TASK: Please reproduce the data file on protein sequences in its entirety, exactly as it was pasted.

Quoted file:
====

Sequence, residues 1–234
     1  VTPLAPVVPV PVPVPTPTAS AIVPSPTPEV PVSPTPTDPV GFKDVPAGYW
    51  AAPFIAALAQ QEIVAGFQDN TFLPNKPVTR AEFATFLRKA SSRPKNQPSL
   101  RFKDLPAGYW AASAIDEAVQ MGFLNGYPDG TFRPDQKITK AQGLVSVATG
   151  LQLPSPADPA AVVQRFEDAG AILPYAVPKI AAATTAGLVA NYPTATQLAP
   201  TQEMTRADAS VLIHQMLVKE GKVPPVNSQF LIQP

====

Sequence, residues 1–234
     1  VTPLAPVVPV PVPVPTPTAS AIVPSPTPEV PVSPTPTDPV GFKDVPAGYW
    51  AAPFIAALAQ QEIVAGFQDN TFLPNKPVTR AEFATFLRKA SSRPKNQPSL
   101  RFKDLPAGYW AASAIDEAVQ MGFLNGYPDG TFRPDQKITK AQGLVSVATG
   151  LQLPSPADPA AVVQRFEDAG AILPYAVPKI AAATTAGLVA NYPTATQLAP
   201  TQEMTRADAS VLIHQMLVKE GKVPPVNSQF LIQP